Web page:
Bodies and Structures 2.0: Deep-Mapping Modern East Asian History

Guo Xuehu's Prize-winning Essay

In December 1931, the twenty three-year old Guo Xuehu submitted an essay in Japanese to a contest organized by the Taiwan Government-General Library, in which he extolled the benefits of library use for aspiring artists. (You can find English translation here.) The library staff was well aware of his professional path and may have well encouraged him to participate in this contest.

In the essay, Guo Xuehu describes the development of his professional career as a painter and the difficulties he encountered in achieving the two credentials necessary to become a professional artist:

  1. acquiring art education;
  2. and, receiving social recognition through exhibition participation.

Guo's successful if unexpected acceptance to the first Taiwan Fine Arts Exhibition launched his career in 1927 at the very young age of nineteen. Yet, a one-time success was not enough. He needed to prove himself as an artist of true ability by securing admission of his works to the salon in the following years. In this pivotal moment, he turned to the Government-General Library for art education.

The essay highlights the importance of looking at art as part of artistic training. First, Guo Xuehu explains how he became a scroll mounter to “come in touch with great paintings.” Second, he details how he was able to look at many artworks in reproduction at the library, including those in special collections (tokubetsusho):

…I looked mostly at books featuring new Eastern Painting (atarashii tōyōga), read about painting theory, copied old masterpieces, and studied new painting techniques.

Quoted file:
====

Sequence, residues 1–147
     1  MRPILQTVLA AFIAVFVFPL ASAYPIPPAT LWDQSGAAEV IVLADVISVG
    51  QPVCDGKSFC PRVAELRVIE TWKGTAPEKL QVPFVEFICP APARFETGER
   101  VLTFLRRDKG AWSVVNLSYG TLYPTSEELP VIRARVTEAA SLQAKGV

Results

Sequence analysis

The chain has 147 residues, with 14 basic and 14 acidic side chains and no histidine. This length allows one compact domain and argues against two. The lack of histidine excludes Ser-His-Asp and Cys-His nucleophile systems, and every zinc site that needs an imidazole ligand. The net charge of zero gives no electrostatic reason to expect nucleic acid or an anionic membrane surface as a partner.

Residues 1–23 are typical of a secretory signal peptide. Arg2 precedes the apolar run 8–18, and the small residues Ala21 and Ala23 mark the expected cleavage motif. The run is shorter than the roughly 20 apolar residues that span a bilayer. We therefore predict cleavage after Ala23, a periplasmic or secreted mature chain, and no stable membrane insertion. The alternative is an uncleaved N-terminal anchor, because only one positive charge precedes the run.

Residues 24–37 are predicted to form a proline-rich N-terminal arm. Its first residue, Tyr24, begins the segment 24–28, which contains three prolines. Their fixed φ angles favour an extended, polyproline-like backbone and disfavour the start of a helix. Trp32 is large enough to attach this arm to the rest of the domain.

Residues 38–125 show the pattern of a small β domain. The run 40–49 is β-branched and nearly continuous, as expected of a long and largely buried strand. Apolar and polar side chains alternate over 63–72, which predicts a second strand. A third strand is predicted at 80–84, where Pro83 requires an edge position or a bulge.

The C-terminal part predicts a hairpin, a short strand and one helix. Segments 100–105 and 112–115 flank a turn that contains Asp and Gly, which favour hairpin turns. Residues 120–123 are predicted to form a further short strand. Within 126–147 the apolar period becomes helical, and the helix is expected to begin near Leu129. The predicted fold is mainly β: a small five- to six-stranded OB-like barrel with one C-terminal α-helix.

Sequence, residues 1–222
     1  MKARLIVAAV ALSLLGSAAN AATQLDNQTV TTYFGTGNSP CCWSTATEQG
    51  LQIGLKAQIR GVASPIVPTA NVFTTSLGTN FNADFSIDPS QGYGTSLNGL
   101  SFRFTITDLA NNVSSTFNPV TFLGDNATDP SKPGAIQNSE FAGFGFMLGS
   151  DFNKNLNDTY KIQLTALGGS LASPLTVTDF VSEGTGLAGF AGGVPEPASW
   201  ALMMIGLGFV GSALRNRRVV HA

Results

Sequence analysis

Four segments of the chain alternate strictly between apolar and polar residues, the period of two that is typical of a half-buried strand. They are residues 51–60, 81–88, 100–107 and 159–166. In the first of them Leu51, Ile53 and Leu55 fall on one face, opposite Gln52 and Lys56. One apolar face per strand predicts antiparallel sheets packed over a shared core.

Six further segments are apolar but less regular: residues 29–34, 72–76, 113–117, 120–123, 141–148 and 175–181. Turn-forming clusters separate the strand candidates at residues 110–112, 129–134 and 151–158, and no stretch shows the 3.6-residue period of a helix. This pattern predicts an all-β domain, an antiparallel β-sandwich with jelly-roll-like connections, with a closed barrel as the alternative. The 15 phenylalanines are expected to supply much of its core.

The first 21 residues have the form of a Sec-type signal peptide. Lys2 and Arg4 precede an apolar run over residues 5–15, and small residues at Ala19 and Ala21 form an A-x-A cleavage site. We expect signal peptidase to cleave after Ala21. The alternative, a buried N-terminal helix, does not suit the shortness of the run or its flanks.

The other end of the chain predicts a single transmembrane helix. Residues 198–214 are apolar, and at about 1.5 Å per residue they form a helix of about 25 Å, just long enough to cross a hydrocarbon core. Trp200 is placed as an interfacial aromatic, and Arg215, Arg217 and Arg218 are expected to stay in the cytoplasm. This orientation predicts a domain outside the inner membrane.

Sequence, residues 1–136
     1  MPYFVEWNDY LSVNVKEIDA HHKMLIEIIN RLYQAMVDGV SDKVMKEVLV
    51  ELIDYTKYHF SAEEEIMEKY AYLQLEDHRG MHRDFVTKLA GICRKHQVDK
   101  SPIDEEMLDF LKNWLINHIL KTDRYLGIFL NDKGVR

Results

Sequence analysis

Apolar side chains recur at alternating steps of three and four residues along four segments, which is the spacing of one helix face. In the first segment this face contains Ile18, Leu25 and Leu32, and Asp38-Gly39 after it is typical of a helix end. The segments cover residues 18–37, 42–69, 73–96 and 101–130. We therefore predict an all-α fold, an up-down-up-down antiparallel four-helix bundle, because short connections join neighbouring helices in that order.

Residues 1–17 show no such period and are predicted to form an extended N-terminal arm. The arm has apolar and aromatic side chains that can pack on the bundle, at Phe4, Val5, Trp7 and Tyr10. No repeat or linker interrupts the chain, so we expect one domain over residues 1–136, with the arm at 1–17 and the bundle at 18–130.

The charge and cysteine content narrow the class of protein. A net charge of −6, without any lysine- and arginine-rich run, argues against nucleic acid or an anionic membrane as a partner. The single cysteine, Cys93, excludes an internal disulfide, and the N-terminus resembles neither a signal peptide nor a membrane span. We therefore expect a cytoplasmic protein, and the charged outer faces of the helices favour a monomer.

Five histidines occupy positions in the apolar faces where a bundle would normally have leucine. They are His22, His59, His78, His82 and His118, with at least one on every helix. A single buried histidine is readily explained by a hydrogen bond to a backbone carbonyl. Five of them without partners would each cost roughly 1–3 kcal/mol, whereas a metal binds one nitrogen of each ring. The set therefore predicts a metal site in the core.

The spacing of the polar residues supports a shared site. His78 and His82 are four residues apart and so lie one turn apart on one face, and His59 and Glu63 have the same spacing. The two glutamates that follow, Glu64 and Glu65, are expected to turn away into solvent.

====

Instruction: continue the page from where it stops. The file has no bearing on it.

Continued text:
While the essay does not reveal in detail the names of artists whose works he was looking at so carefully, scholars have suggested (perhaps based on later interviews with the artist) that he had studied acclaimed works of artists in Japan active during the Meiji and Taishō periods, as well as masterpieces of Chinese painting from the Song, Yuan, Ming, and Qing dynasties (Taipei Fine Arts Museum 1989, 17). Access to paintings, whether in original or in reproduction, facilitated copying and acquiring the knowledge of painting techniques. The practice was not new. Yet, the advent of public exhibitions and an increase in the quality of reproductions expanded access to art to a larger number of aspiring artists, who lacked affiliation to established ateliers or art schools.

Guo Xuehu's essay won the second prize in the contest and was published alongside the first prize winning essay in the major Japanese-language newspaper in Taiwan, Taiwan nichinichi shinpō, in January 1932. The first prize went to an entrepreneur Xie Yonghe. Both winners were Taiwanese-Chinese men in their twenties with modest family backgrounds, who attributed their professional success to their persistent library use and expressed themselves fluently in Japanese. Their respective essays paint a very positive image of the library, and by extension of the colonial government. Both essays suggest that the users discovered the library in a seemingly serendipitous manner and that the library transformed their lives by providing them with instruction and access to information, which they were otherwise unable to obtain.

Guo Xuehu is an unusual case of an artist who achieved prominence and a longstanding professional success without attending an art school or affiliating with an established artist. His insistence on the importance of looking at art and striving towards professional recognition at the official salon suggest emergence of shared practices and assumptions about artistic professionalization Japan and Taiwan. Moreover, Guo's interest in older Chinese art overlapped with those of many Japanese artists, who mined the artistic pasts of East Asia for a mode of expression suitable to the modern times (see also Wong 2006).

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